Guest blogging is a difficult action to quantify. Usually, when discussing a marketing technique, we boil it down in terms of profit and return on investment. With guest blogging, both sides of the equation get a little muddy, and many of the benefits are hard to track.
On the cost side, for example, how much does a guest post cost? If you’re thinking purely in monetary terms, all you have to go on is how much it costs to buy the copy from a writer. You shouldn’t be posting on sites that charge for guest posts, and you shouldn’t be bribing people to get on their site, so you don’t have a lot of monetary tracking available.
You can track other kinds of costs and try to estimate them. How long did it take to get a contact with the site, and how well were you able to take advantage of them to get something published? Have you published something on the site before? The cost of opportunity exists, but is impossible to boil down in a way it can be plugged into a spreadsheet.
Then you have the benefit site. What are you getting from the guest post? If you’re getting a link, you can track the value of that link in terms of the traffic it refers, as well as some bit of SEO value if you monitor your ranking in a vacuum. There are other elements you can’t track, though. Your brand mention might make other people trust you more or be more willing to subscribe, but you can’t know if it was that mention or something else that influenced their decision. The link might influence someone else who read the post to link to you on their blog, but you have no way of knowing whether they found the link through your guest post or not. There are a lot of more or less intangible benefits to spreading your name and link around the web.
If you’re going to pay attention to any specific, tangible metric when guest posting, it almost has to be traffic, right? It’s one of the only things you can accurately measure. You simply need to make sure the link you include in the guest post has tracking parameters and that you’re able to differentiate between traffic coming from that site and traffic coming from others.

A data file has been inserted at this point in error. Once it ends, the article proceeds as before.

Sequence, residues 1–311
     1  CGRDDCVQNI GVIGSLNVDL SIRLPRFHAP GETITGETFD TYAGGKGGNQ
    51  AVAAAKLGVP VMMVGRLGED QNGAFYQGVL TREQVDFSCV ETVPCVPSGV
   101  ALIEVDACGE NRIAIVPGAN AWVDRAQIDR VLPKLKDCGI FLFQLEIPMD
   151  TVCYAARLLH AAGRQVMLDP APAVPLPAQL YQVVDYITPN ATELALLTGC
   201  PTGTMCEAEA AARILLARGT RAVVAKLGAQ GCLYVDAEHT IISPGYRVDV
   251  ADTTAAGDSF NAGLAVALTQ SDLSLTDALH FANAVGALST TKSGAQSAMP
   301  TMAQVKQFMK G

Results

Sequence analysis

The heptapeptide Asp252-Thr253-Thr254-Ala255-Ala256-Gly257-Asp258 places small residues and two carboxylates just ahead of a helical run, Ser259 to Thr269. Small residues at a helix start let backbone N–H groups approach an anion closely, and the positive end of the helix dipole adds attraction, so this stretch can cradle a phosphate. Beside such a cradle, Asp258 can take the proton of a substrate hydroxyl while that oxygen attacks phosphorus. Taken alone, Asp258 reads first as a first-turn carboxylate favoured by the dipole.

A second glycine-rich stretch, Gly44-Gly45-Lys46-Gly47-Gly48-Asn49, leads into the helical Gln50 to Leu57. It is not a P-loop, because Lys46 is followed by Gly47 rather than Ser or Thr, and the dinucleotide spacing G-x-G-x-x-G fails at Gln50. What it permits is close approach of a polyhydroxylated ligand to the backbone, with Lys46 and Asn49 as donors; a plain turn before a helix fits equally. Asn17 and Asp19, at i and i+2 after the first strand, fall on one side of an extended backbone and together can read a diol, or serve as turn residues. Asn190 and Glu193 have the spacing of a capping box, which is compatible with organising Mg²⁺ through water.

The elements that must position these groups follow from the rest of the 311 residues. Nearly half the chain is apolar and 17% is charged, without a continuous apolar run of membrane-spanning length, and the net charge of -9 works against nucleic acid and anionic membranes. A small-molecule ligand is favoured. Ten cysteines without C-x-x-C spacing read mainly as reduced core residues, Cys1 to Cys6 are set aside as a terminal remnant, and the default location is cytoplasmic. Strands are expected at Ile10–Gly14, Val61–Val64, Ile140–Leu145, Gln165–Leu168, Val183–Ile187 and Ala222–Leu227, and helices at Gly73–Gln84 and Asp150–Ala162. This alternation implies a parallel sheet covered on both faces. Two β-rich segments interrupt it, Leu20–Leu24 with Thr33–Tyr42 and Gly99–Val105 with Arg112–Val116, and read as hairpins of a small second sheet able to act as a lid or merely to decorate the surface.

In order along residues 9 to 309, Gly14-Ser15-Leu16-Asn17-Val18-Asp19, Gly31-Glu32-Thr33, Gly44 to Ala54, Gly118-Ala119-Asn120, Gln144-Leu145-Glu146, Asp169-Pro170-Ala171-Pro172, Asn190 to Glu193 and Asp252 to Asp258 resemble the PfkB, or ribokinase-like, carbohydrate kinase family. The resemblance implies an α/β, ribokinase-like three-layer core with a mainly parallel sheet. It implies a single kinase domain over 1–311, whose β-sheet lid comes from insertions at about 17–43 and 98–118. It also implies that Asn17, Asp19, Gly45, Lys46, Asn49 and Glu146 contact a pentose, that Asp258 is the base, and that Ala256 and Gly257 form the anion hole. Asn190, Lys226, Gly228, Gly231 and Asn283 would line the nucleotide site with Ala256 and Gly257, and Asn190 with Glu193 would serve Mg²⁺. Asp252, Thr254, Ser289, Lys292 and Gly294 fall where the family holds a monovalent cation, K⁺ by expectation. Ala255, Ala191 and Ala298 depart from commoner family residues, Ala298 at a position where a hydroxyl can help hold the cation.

There are, however, a wide range of factors that go into what your expectations should be. How much traffic could you get from a guest post? It all depends.
What site are you posting on? If you’re posting on a site with a ton of traffic every day, you’re liable to get a lot more visitors than if you’re posting on a site that gets a handful of visitors a week. As a marketer, I would prefer to post on sites like Moz, Entrepreneur, and other such sites rather than Bob’s SEO Shack or Buzzfeed. Those are two very disparate examples; one of them is assumed to have no traffic, because I made it up. The other has a ton of traffic, but the people visiting aren’t likely to care about marketing whatsoever, and thus aren’t likely to click on a source link.
Where is the link within the guest post? A link in the content is better than a link in the bio. A link in the bio is better than a half-size text link in the footnote. The more visibility and the more importance the link gets within the content, the better it will perform.
What is the link pointing to? Having good content at the end of the road is essential. This is why you should never link to your homepage or to a sales-focused landing page; people are a lot less likely to find value in that sort of destination. You want deep case studies, you want tutorials, you want references. You want the kind of content that cycles endlessly in an evergreen loop of value.